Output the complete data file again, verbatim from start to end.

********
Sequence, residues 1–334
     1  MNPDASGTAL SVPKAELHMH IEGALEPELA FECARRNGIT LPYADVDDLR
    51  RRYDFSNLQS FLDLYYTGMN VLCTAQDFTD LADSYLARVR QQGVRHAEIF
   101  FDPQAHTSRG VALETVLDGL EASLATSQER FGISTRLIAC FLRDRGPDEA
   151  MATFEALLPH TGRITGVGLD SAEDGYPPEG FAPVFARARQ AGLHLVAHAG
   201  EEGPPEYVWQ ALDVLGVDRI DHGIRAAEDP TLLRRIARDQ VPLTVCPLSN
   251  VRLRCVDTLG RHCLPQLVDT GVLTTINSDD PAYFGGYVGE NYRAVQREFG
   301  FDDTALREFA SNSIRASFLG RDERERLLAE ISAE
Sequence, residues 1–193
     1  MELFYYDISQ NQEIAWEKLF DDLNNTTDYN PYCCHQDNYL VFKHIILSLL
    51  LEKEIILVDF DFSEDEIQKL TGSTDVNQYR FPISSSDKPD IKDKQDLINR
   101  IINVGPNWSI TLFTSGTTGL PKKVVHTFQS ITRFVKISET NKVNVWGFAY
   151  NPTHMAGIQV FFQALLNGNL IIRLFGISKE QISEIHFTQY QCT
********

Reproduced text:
Sequence, residues 1–334
     1  MNPDASGTAL SVPKAELHMH IEGALEPELA FECARRNGIT LPYADVDDLR
    51  RRYDFSNLQS FLDLYYTGMN VLCTAQDFTD LADSYLARVR QQGVRHAEIF
   101  FDPQAHTSRG VALETVLDGL EASLATSQER FGISTRLIAC FLRDRGPDEA
   151  MATFEALLPH TGRITGVGLD SAEDGYPPEG FAPVFARARQ AGLHLVAHAG
   201  EEGPPEYVWQ ALDVLGVDRI DHGIRAAEDP TLLRRIARDQ VPLTVCPLSN
   251  VRLRCVDTLG RHCLPQLVDT GVLTTINSDD PAYFGGYVGE NYRAVQREFG
   301  FDDTALREFA SNSIRASFLG RDERERLLAE ISAE
Sequence, residues 1–193
     1  MELFYYDISQ NQEIAWEKLF DDLNNTTDYN PYCCHQDNYL VFKHIILSLL
    51  LEKEIILVDF DFSEDEIQKL TGSTDVNQYR FPISSSDKPD IKDKQDLINR
   101  IINVGPNWSI TLFTSGTTGL PKKVVHTFQS ITRFVKISET NKVNVWGFAY
   151  NPTHMAGIQV FFQALLNGNL IIRLFGISKE QISEIHFTQY QCT